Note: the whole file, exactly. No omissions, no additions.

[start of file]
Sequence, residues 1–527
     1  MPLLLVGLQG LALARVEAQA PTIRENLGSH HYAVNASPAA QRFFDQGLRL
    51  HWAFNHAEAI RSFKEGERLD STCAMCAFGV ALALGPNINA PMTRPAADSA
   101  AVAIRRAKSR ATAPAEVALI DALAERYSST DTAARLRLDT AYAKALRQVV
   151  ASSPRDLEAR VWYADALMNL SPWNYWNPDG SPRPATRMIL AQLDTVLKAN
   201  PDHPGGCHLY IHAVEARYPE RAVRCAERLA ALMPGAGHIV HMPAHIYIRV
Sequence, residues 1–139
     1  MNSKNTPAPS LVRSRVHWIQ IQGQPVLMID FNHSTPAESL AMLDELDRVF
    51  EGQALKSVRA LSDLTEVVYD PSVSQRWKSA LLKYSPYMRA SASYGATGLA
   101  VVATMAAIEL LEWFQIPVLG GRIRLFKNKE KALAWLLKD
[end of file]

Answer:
Sequence, residues 1–527
     1  MPLLLVGLQG LALARVEAQA PTIRENLGSH HYAVNASPAA QRFFDQGLRL
    51  HWAFNHAEAI RSFKEGERLD STCAMCAFGV ALALGPNINA PMTRPAADSA
   101  AVAIRRAKSR ATAPAEVALI DALAERYSST DTAARLRLDT AYAKALRQVV
   151  ASSPRDLEAR VWYADALMNL SPWNYWNPDG SPRPATRMIL AQLDTVLKAN
   201  PDHPGGCHLY IHAVEARYPE RAVRCAERLA ALMPGAGHIV HMPAHIYIRV
Sequence, residues 1–139
     1  MNSKNTPAPS LVRSRVHWIQ IQGQPVLMID FNHSTPAESL AMLDELDRVF
    51  EGQALKSVRA LSDLTEVVYD PSVSQRWKSA LLKYSPYMRA SASYGATGLA
   101  VVATMAAIEL LEWFQIPVLG GRIRLFKNKE KALAWLLKD